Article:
The life cycles of Isospora infecting dogs and cats is similar to the basic coccidian intestinal cycle, except an asexual cycle can also occur in the definitive or intermediate host. On ingestion by definitive or suitable paratenic (intermediate) hosts, oocysts excyst in the presence of bile, and free sporozoites invade the intestine. Some sporozoites penetrate the intestinal wall and enter mesenteric lymph nodes or other extraintestinal tissues (e.g., spleen and liver), where they form enlarging unicellular cysts (Fig. 80-6). If no replication occurs, the host is called a paratenic host rather than an intermediate host. Monozoic cysts of Isospora may remain in extraintestinal tissues of definitive and paratenic hosts for the life of the host. In cell culture, these monozoic cysts have been shown to contain a single sporozoite.59 In dogs and cats, these cysts may serve as a source of intestinal reinfection and relapse of enteric coccidiosis. Ingestion of monozoic cysts in paratenic hosts leads to intestinal infection in the definitive dog and cat host. The life cycle after the ingestion of paratenic host is the same as after the ingestion of sporulated oocysts from feces.

Clinical Findings

Diarrhea with coccidiosis in immunocompetent animals probably represents incidental or concurrent infections with coccidia and other infectious agents because coccidial infection can be present in the absence of clinical illness. Enzootic infections are frequently found in catteries or kennels where animals congregate. Clinical signs are most apparent in neonates. Experimental studies have shown that clinical signs of intestinal disease are uncommon unless large numbers of oocysts are fed to very young (younger than 1 month) or immunosuppressed animals.4 Infections with I. canis produce longer prepatent periods, longer excretion times, and higher concentrations of oocysts as compared to infections with I. ohioensis.4 However, diarrhea did develop in 8-week-old pups experimentally infected with I. canis, even in the absence of immunosuppression or concurrent infections.59 Clinically, severe diarrhea has been associated with naturally occurring coccidiosis in immunosuppressed dogs and cats or in those with other co-infections or co-infestations.45,50 In some cases, the enteric coccidial infections are incidental to other infecting organisms or causes of diarrhea.67 German shepherd dogs may have an increased susceptibility to clinical infection.40,66 Diarrhea with weight loss and dehydration and, although rare, hemorrhage is the primary sign attributed to coccidiosis in dogs and cats. Anorexia, vomiting, mental depression, and ultimately death may be seen in severely affected animals. Severely immunosuppressed dogs and cats may have extraintestinal stages in macrophages of the lymphocyte-depleted mesenteric lymph nodes or extraintestinal tissues.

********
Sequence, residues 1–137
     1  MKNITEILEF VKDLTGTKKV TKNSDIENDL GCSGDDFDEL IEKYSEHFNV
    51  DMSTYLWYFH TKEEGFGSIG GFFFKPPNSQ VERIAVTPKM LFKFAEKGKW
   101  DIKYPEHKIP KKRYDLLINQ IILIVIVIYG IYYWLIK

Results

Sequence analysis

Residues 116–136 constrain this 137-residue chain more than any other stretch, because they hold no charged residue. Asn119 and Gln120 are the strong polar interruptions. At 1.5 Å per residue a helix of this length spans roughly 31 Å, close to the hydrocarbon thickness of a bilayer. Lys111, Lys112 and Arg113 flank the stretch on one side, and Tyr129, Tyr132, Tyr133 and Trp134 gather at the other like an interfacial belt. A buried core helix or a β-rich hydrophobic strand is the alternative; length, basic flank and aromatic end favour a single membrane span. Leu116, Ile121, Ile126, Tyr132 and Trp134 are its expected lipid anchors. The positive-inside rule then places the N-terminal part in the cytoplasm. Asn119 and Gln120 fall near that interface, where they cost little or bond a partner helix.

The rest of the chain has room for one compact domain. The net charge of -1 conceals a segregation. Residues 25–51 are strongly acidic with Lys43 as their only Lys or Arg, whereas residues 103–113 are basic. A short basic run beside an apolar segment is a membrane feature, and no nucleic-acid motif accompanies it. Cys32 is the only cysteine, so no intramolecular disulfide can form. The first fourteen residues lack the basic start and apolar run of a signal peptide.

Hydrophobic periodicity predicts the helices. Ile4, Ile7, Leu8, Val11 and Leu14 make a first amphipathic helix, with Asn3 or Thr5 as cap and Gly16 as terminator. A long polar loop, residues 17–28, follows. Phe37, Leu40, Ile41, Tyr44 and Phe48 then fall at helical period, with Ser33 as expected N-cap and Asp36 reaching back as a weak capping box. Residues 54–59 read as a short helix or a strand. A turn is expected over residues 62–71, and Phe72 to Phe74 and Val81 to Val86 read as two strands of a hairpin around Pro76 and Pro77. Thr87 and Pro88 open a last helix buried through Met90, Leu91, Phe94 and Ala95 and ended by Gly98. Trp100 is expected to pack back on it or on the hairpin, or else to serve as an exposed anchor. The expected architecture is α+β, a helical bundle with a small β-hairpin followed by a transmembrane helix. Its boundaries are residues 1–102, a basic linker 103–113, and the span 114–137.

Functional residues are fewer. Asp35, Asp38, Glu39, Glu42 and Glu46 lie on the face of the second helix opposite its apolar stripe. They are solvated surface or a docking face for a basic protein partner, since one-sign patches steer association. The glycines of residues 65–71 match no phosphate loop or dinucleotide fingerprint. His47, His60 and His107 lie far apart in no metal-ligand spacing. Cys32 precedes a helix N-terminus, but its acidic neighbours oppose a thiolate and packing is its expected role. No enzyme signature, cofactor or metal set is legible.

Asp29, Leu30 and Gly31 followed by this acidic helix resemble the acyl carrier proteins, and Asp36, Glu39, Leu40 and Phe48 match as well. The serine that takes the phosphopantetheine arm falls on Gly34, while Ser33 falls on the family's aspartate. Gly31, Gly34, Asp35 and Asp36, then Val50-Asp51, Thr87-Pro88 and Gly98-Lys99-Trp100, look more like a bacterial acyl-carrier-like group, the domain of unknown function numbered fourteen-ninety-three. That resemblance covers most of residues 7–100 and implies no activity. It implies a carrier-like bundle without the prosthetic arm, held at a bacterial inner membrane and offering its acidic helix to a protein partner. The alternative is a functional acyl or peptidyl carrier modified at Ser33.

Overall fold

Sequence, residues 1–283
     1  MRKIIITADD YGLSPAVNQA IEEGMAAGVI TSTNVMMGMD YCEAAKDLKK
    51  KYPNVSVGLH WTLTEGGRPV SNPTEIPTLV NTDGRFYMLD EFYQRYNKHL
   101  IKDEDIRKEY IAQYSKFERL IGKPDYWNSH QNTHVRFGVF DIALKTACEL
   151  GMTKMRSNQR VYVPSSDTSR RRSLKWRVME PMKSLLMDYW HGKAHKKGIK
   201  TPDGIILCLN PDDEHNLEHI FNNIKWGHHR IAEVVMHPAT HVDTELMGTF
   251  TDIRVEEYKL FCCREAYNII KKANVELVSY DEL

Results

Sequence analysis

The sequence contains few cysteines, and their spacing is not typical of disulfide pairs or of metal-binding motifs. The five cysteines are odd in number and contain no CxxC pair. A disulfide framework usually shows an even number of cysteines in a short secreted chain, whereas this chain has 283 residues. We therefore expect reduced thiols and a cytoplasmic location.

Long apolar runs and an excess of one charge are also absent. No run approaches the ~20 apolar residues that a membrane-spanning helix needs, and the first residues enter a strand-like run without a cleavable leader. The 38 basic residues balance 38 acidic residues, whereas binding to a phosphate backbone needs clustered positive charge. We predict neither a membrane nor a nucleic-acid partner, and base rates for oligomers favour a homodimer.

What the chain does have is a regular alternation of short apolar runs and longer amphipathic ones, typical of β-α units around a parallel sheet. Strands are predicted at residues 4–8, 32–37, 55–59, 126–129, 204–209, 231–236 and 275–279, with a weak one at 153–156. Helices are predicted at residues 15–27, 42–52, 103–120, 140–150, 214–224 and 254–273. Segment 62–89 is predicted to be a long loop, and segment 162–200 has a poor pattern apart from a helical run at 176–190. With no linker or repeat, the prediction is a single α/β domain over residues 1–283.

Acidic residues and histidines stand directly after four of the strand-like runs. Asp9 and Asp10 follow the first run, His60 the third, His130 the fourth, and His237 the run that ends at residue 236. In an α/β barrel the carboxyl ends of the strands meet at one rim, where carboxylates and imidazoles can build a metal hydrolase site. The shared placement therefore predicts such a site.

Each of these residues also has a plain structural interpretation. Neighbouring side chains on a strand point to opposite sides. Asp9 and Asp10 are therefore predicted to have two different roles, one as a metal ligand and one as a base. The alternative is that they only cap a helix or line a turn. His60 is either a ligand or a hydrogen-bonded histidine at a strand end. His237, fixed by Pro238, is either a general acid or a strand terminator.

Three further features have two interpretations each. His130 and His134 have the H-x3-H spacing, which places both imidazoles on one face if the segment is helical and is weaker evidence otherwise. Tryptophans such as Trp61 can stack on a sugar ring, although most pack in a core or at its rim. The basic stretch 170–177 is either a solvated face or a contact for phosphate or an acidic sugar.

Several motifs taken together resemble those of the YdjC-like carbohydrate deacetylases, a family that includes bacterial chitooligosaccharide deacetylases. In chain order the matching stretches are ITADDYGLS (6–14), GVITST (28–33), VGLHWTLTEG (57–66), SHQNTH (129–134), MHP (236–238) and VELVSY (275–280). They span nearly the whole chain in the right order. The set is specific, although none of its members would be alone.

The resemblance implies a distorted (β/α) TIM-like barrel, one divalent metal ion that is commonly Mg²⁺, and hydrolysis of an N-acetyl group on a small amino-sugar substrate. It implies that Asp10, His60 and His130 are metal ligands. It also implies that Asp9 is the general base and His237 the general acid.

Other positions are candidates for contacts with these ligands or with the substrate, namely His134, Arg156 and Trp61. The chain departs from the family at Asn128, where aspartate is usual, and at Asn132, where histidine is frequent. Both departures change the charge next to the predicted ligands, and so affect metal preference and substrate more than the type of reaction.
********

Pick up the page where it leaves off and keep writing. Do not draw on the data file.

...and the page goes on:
Intestinal coccidiosis may be manifest clinically when dogs or cats are shipped or weaned or experience a change in ownership. Diarrhea might result from the extraintestinal stages of Isospora returning to the intestines. Monozoic cysts do not cause clinical disease in paratenic hosts.


Intestinal coccidial infection in dogs and cats is diagnosed by identification of the oocysts with any of the fecal flotation methods commonly used to diagnose parasitic infections (see Examination of Feces, Chapter 70). Shedding of oocysts by some animals may be erratic; therefore, repeated examinations are recommended. In dogs, only I. canis can be identified with certainty by oocyst size and shape (see Fig. 80-2). The two species of Isospora found in cats can be readily distinguished by oocyst size (see Fig. 79-14). Oocysts of I. felis in cats and I. canis in dogs are large and easily distinguished from small oocysts, whereas it is almost impossible to distinguish I. rivolta, I. burrowsi, and I. ohioensis morphologically (Fig. 80-7; see also Figs. 80-2 and 80-3). Oocysts of Hammondia heydorni and Neospora caninum are very difficult to distinguish from each other (see Chapter 79).24,76 Although I. felis-, I. rivolta-, I. canis-, and I. ohioensis-like oocysts are passed unsporulated in freshly excreted feces, they sporulate partially by the time a fecal examination is made. Partially sporulated oocysts contain two sporocysts without sporozoites. Isospora spp. may sporulate within 8 hours of excretion, and these Isospora are highly infectious. In severe cases, merozoites and schizonts from the small intestine maybe found in smears of diarrheic feces (see Fig. 80-5).


The presence of underlying disease or host immunosuppression should be suspected when coccidial infections persist for extended periods in older animals or when associated with chronic diarrhea. Treatment is often indicated in bitches and their newborn puppies because of the severity of clinical signs at this age. If diarrhea or dehydration is severe, parenteral fluid therapy must be considered as a supportive measure. Blood transfusion may be required when severe intestinal hemorrhage results in anemia.

Specific therapy involves the use of drugs that are coccidiostatic rather than curative (Table 80-3). However, as with many protozoal diseases, the presence of low-level infection may lead to premunition. This is a state of chronic low-level persistent infection, which leads to resistance to further infection or reinfection, thereby preventing clinical illness. The drugs shorten the prepatent period and may shorten the course of the disease.

Aug 6, 2016 | Posted by in INTERNAL MEDICINE | Comments Off on Enteric Coccidiosis